Iranian President Hassan Rouhani said on Monday that the government would file a legal case in Iran against US officials who imposed sanctions on the country as a precursor to action in international courts.
Rouhani said in a speech broadcast live on national television that he had ordered the Ministries of Foreign Affairs and Justice “to file a legal case in Iranian courts against those in America who designed and imposed sanctions on Iran… These sanctions are crimes against humanity.”
The United States reimposed sanctions on Iran after President Donald Trump chose last May to abandon the 2015 nuclear accord, negotiated with five other world powers.
The sanctions target Iran’s energy, shipping and financial sectors among other areas.
Rouhani said Washington thought that abandoning the nuclear deal would prompt Tehran to also abandon the agreement and that it could eventually have all UN sanctions removed under the deal to be reinstated.
“We spoiled their plan; they didn’t expect us to act like this,” he said.
The US, Rouhani said, expected Europe to follow its lead in quitting the nuclear deal but, except for a few countries, the world stood in solidarity with Iran.
“Let the world know that what America has done is not against Iran or nuclear technology; rather, it is against the well-being, environment, food, medicine and the lives of the Iranian people,” he said.
Rouhani said US sanctions had created difficulties including a weaker currency, the rial, which has created higher inflation.
If the Iranian court rules against US officials, Iran would pursue the case in international courts of justice, the president said.
Iran’s litigations against the US have already succeeded in international tribunals. In October, the International Court of Justice (ICJ) ordered the US to exempt exports of humanitarian and civil aviation supplies to Iran.
“We were able to win in both the International Court of Justice in The Hague and the European courts, which means that we were able to legally defeat America and, of course, this trend should continue,” Rouhani said.
He said the enemies will never succeed in their attempts to weaken the Iranian nation despite having tried everything in their power over the past 40 years.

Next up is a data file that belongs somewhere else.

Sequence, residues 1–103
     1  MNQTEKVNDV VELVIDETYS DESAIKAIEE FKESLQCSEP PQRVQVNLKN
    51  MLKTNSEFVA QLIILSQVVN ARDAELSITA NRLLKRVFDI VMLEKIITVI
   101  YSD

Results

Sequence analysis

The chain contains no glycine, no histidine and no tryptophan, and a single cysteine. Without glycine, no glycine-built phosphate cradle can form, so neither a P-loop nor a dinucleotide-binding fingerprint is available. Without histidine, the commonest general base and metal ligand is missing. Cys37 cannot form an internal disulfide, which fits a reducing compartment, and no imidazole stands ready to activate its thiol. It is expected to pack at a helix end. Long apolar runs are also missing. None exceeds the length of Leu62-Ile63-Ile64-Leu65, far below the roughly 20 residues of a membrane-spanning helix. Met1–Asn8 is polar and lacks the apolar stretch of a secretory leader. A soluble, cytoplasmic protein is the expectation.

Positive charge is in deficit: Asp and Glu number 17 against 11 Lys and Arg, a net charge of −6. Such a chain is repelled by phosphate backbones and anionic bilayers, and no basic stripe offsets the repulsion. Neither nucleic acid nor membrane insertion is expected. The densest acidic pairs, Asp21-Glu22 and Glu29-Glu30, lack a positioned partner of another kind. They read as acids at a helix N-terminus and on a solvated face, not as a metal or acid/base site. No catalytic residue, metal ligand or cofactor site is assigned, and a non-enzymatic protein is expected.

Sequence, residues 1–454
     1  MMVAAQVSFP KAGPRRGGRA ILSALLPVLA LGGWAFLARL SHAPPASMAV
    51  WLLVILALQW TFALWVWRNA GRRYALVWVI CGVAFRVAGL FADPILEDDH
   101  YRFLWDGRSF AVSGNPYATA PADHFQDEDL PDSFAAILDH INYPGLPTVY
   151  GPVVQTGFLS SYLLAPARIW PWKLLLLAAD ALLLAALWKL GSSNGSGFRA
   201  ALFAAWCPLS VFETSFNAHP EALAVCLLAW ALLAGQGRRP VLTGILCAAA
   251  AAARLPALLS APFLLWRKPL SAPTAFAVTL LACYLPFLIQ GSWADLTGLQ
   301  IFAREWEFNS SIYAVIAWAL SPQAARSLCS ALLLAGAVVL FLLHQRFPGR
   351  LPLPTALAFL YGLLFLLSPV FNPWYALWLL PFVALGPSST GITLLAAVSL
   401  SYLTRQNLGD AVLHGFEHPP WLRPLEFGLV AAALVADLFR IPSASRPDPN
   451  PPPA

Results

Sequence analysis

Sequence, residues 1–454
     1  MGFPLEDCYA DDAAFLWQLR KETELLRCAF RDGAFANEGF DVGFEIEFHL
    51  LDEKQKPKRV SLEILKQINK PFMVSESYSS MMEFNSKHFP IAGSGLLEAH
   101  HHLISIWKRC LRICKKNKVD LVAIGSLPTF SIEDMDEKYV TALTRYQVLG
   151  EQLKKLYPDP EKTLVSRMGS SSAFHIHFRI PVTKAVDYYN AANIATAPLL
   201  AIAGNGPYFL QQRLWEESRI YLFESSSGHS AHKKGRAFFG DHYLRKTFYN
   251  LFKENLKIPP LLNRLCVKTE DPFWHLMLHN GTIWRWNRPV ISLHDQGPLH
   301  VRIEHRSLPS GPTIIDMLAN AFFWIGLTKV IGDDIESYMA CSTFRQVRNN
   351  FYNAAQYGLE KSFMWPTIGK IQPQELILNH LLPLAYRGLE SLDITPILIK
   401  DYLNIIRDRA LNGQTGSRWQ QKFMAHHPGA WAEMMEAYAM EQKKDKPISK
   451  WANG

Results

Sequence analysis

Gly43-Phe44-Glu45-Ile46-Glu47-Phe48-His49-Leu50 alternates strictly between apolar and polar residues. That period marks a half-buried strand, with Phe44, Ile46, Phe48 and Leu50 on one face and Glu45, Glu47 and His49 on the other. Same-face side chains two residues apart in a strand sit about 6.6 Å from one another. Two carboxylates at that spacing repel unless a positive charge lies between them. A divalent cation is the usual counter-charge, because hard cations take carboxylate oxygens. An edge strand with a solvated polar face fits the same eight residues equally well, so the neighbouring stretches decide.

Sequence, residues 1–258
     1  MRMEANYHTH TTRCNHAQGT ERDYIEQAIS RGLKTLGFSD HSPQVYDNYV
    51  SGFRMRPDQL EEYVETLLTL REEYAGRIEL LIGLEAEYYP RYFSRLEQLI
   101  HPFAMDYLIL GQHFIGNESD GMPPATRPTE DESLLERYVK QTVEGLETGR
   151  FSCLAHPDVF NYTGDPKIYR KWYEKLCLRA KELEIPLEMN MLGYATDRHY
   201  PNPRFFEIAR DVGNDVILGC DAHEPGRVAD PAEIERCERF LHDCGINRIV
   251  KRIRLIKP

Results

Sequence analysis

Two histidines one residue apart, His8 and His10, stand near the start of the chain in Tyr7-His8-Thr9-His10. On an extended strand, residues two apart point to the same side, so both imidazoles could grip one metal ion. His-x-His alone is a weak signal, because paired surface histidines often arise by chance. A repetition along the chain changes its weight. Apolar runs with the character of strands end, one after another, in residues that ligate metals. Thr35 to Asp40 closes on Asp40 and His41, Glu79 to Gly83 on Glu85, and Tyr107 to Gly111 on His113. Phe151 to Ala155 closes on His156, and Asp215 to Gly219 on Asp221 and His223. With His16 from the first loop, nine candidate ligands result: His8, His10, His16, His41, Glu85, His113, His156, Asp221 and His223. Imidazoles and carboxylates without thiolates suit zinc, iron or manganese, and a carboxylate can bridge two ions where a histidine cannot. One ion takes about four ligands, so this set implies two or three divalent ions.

The Iranian people, Rouhani said, have long resisted outside pressure and will keep up the fight until the enemy is defeated.
“The enemy made some attempts but never achieved what it desired even when, at times, the pressure was too much,” the president said.
The US plan, Rouhani said, was to “dominate” the Iranian nation, something Washington will never achieve.
“The Americans have only one goal: They wish to come back to Iran and rule the nation again,” Rouhani said, reiterating Iran’s view that US sanctions are aimed at overthrowing the establishment and ushering in one more aligned with US policies.
He urged Iranians to put a curse on the United States, Israel and Saudi Arabia, blaming them for the economic hardship.
“Curse all those who created the current situation: The United States, the Zionists and the region’s reactionary regimes who joined forces to bring the Iranian nation to its knees and take their 40-year revenge” on Iran.
Rouhani said the government had managed to “put a brake on the fall of the rial,” but that balance is not yet apparent in the foreign currency market.
On Sunday, the same day he inaugurated new phases in the development of Iran’s massive natural gas field, Rouhani said Iran’s inflation is “above 20 percent” and that this country of 80 million people has over three million unemployed.
He promised to increase wages in both the government and the private sector, and raise pensions.
The rial was trading at 131,500 per US dollar on Monday on the unofficial market, about three times weaker than a year ago, but off record lows, around 190,000, hit in late September.
Governor of the Central Bank of Iran Abdolnaser Hemmati also slammed Secretary of State Mike Pompeo and other US officials on Monday for waging a “psychological war” to stir panic in the currency market.
Hemmati said that “the Central Bank is in full control of the market.”
US sanctions permit partial trade in humanitarian goods such as food and pharmaceuticals but measures imposed on banks, and trade restrictions, could make such items more expensive and more difficult to pay for.
Trump said when he pulled out of the landmark 2015 deal that lifted international sanctions against Iran in exchange for restrictions on its atomic activities, it failed to rein in Iran’s missile program or curb its regional activities.
Reuters, AP and Press TV contributed to this report.